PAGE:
On your private tour, you will learn to love the park as I do. I live close to the North Woods and often in the park. Its beauty has been a balm and savior to my pandemic-addled soul. I conduct Central Park VIP Tours, and, at other times, I stroll randomly along its pastoral and picturesque paths. Over time I have learned to appreciate the trees I see. There is more of a story than you might expect about them. Very few are original. On our Central Park VIP tours, you will come to appreciate them as I do.
On October 17, 1858, the first trees ordered by Frederick Law Olmsted and Calvert Vaux, the park’s designers, arrived on site. Mr. Olmsted constantly battled with Andrew Haswell Green, the city controller, to procure the trees he envisioned for the site; the trees had to meet Mr. Olmsted’s rigorous standards.
Even if the trees were sub-standard, Mr. Green insisted that Olmsted use them anyway. Olmsted learned that the best way to deal with the situation was to have the trees immediately mulched. Mr. Green was furious, but there was only so much he could do except allow Olmsted to procure more suitable trees.
How many trees are in Central Park?
Ultimately Olmsted planted 171 different tree species, totaling about twenty thousand trees. They planted Oaks, American Elms, Cherry, Tulips, Sycamores, London Plane, and Willows. Unlike the rocks I discussed in another blog, the trees are not as long-lived as expected. We often come upon recently downed trees on our Central Park tours. They lie sadly broken on their sides, slowly shedding their bark, trunks wretched dramatically and surprisingly from their roots. Over time they will decompose, but while they do, they provide habitats for various animals and plants.
Central Park Tornado.
Fourteen years ago, on August 18, 2009, a tornado ripped through the North Woods; it blew down five hundred trees and damaged about a thousand, including the two oldest and tallest sycamore trees. Trees do not last forever, and the park’s landscape changes constantly.
During the 1980s, the park suffered severe neglect; the Ramble and North Woods trees went rogue and seeded themselves; those specimens continue to grow today. On your Central Park VIP tour, your guide will discuss the efforts made by the Central Park Conservancy to restore the park to its original beauty. They have done a remarkable job, as you will see.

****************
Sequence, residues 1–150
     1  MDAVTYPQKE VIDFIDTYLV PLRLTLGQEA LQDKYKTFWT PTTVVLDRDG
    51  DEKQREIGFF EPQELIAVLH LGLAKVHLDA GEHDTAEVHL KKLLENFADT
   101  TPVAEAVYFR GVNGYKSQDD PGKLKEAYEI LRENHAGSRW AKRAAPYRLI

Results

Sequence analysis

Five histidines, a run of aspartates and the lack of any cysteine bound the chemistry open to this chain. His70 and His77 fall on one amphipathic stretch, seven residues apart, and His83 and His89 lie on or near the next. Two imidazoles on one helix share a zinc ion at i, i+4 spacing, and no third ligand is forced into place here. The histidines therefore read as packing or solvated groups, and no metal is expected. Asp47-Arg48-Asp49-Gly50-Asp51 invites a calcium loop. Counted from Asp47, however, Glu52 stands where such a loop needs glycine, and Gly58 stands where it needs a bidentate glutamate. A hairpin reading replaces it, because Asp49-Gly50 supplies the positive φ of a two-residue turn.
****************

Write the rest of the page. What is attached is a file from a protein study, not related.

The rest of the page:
The Great Trees of Central Park
On the Central Park VIP tour, you will see some of the Great Trees in the park. My favorite tree in Central Park is the Humboldt Elm at the 77th & Central Park West Park entrance. This beauty is one of the oldest in the park; its branches reach high into the sky and drop gracefully down to brush the ground.
The Elm stands next to a bust of Friedrich von Humboldt (September 14, 1769 – May 6, 1859), a German polymath, geographer, naturalist, explorer, and proponent of Romantic philosophy and science. He is the first environmentalist. He understood that all of nature was connected and human actions affected the natural world. The tree is a fitting companion to this great scientist; he’d be honored.
Around the Pool in the park’s Northern section are stately willows, cypresses, tulip trees, elms, oaks, and others. Although trees provide shade and habitats for the numerous birds and other animals in the park, they also offer other not-so-obvious benefits.
The Lenni Lenape
The bark of the willow tree was used by the native people, the Lenni Lenape, to treat headaches, backaches, and inflammatory diseases. Later, scientists synthesized Salicylic acid from the tree, a precursor to aspirin. Other medicinal uses for the bark of this tree are as an anti-inflammatory agent, to stop bleeding, and to ease heartburn and stomach ailments. We’ll see Osage Orange and Yew trees; these trees still provide valuable wood and medicines.
On your private VIP tour, you can explore The Ramble, the North Woods, and the Hallett Conservatory.
The most stately and familiar trees are the American Elm. A blight wiped out most elm trees except in Central Park. On our Central Park tour, you will be privileged to stroll the Mall. Rising overhead on either side is the world’s largest stand of elm trees. This unique stand of trees will continue to shine their beauty upon us through careful cultivation and care.
Join us on a private Central Park VIP tour; you will be surprised and enchanted by what you see and learn.